TPM and UpSkill Houston Help Business Leaders Close the Skills Gap

September 6, 2017

Talent Pipeline Management in Texas

This article is part of a series highlighting the work of original network learning members of the Center for Education and Workforce Talent Pipeline Initiative

Houston, the nation’s fourth most populous city, faces a significant skills gap across seven key industries that drive its regional economy. For the region to remain globally competitive, Houston’s industries need to attract, train, and hire workers into careers that require more than a high school diploma but less than a four-year college degree. Taking on the responsibility of connecting citizens to career pathways, the Greater Houston Partnership established its UpSkill Houston initiative in mid-2014.

UpSkill Houston demonstrates what can happen when business executives commit to finding a solution. Industry and employers took ownership for the effort, inspiring leaders from education, philanthropy, government, and the non-profit sector to join the effort. The petrochemical manufacturing and construction sectors came together first and now new sectors are coming online. Already two Women in Industry conferences have encouraged more than 850 women to explore petrochemical careers and scalable prototypes are placing more workers in positions in industrial and commercial construction.

The Greater Houston Partnership became part of the Talent Pipeline Management (TPM) pilot network three years ago. TPM has been an instrumental approach for engaging business leaders in UpSkill Houston’s strategic goals. TPM’s framework clarifies roles for employers and other members of the collaborative. The framework provides common language for the various stakeholders and tracking milestones that can spur stakeholders to action. Over time, UpSkill Houston has integrated many of TPM’s key strategies and tools into its work.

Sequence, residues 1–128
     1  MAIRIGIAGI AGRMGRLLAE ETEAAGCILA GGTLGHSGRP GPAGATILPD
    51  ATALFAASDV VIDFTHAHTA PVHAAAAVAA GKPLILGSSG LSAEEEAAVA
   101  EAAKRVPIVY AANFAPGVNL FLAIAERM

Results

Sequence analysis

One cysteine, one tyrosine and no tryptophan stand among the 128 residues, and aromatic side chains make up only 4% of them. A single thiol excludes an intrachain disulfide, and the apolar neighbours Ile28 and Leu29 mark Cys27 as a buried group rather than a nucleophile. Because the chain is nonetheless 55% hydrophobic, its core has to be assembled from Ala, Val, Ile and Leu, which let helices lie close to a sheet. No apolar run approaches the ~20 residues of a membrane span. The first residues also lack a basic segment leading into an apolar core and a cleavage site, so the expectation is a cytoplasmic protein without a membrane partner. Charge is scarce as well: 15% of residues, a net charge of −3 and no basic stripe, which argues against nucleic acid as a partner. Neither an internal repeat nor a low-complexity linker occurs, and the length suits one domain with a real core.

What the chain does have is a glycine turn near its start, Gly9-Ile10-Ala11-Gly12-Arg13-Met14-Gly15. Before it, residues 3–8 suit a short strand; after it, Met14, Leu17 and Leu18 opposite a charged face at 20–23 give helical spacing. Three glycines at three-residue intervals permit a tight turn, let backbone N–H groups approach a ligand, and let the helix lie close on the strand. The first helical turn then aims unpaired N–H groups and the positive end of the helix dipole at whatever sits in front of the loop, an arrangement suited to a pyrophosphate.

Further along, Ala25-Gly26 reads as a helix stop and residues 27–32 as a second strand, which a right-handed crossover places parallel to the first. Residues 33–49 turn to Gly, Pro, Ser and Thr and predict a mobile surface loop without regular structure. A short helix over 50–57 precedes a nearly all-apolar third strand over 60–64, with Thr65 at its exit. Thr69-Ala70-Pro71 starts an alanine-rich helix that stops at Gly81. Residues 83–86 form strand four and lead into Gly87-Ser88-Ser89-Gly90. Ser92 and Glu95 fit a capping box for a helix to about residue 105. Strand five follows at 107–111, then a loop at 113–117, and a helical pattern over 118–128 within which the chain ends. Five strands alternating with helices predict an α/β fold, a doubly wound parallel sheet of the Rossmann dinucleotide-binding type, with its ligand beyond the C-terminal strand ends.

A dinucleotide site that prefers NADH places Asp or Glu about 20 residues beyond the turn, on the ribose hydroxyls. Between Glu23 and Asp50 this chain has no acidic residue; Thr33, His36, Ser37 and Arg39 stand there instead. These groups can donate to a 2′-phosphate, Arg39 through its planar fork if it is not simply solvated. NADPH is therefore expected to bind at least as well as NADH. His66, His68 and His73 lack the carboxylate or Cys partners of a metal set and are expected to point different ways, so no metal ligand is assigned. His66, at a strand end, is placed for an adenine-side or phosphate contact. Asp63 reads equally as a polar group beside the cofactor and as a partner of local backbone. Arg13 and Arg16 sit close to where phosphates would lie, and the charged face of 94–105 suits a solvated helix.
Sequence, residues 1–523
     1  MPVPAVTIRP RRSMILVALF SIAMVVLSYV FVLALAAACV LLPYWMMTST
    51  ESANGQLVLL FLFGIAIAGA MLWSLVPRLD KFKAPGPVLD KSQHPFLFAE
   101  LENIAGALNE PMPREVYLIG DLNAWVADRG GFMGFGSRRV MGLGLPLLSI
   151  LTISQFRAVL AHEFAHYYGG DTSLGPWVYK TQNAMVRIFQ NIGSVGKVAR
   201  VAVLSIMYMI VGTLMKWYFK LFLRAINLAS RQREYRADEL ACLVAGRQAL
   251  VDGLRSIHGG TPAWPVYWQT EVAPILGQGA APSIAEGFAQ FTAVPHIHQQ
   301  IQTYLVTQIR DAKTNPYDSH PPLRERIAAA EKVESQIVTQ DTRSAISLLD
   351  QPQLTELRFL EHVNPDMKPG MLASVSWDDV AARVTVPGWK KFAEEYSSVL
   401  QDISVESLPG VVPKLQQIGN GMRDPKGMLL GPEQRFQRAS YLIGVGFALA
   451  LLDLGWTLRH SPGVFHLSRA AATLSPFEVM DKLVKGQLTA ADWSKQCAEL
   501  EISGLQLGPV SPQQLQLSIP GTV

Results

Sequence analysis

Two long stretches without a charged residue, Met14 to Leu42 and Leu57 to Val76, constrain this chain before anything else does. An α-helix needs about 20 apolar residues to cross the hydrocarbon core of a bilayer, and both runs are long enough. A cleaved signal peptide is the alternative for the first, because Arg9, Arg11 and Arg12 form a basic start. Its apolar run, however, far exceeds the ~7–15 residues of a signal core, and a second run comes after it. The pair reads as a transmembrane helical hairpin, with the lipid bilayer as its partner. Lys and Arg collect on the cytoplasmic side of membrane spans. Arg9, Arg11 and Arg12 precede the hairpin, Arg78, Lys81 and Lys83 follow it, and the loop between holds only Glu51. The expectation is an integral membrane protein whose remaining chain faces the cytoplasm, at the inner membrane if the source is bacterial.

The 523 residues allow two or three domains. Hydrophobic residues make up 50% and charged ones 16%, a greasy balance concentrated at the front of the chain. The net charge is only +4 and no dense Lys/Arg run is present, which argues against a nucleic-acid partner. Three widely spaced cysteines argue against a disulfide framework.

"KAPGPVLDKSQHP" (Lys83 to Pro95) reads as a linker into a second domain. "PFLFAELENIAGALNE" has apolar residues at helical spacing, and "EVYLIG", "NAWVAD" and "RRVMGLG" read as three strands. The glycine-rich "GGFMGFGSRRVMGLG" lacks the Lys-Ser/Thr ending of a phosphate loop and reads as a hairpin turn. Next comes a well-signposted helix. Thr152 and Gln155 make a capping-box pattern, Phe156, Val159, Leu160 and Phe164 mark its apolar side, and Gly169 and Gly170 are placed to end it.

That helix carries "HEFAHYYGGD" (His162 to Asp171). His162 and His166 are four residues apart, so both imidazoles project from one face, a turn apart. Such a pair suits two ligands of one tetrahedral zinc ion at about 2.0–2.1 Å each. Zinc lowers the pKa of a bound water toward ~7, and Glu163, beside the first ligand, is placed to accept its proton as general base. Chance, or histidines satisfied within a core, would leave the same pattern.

As UpSkill Houston launches additional industry sectors, we focus first on creating a strong collaborative of employers from the sector and on ensuring employers speak in a collective voice, before taking further steps. For instance, in developing our healthcare sector, we convened the CEOs of the region’s healthcare systems to validate their workforce challenges and obtain their commitment to collaborate and provide the resources necessary for this work. TPM strategies helped us describe key steps and activities the effort will require.

UpSkill Houston’s work with the region’s petrochemical manufacturing and construction sectors has served as a catalyst for bringing together local community colleges and community-based organizations. Like employers, the colleges and community organizations now engage collaboratively. As a result, they possess the collective capacity to be more effective talent pipeline partners with employers.

For example, S & B Engineers and Constructors—a leader in UpSkill Houston’s construction sector—needed pipefitter helpers. The company partnered with United Way of Greater Houston to implement a Women in Construction training program. S & B provided the technical training. United Way’s THRIVE partners screened and recruited the participants and provided employability skills training and financial coaching during the program.

Eva TPM
Eva Arriaga, one of 19 women to enter and complete the three-month Women in Construction program, continues to be employed by S & B as a pipefitter helper II and toupgrade her skills. After four years in her previous job, Eva was making only about $2 more an hour than when she started. Since completing the S & B program, Eva now makes twice the wage she was making before. She has paid off her debt, bought her first car, and become a better provider for her family.

Now, more than ever, UpSkill Houston will need to accelerate its momentum. Our people are the resources that will rebuild our community and power our regional economy in the future. Houston’s shared economic prosperity requires that industry executives pull together with leaders of educational institutions, community organizations, and government agencies to develop the talent of our residents—to enable them to create long-term success for themselves and to support long-term growth for our region.

Bob Catudal, Baytown Chemical Plant Manager, ExxonMobil Chemical Company, said about working to close Houston’s skills gap: “We’re getting the skilled employees we need, and we’re changing the trajectory of people’s lives. When a family can move from a $30,000-a-year job to an $80,000- or $90,000-a-year career . . . children have the opportunity to have a better life.” 

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Greater Houston Partnership is an original learning network member of the Talent Pipeline Management (TPM) initiative. In anticipation of the upcoming national workforce conference, America Working Forward, on October 16 each week USCCF will highlight what has come of the original networks’ engagement in TPM. Register for the event here or check back to learn about another member’s successes to date.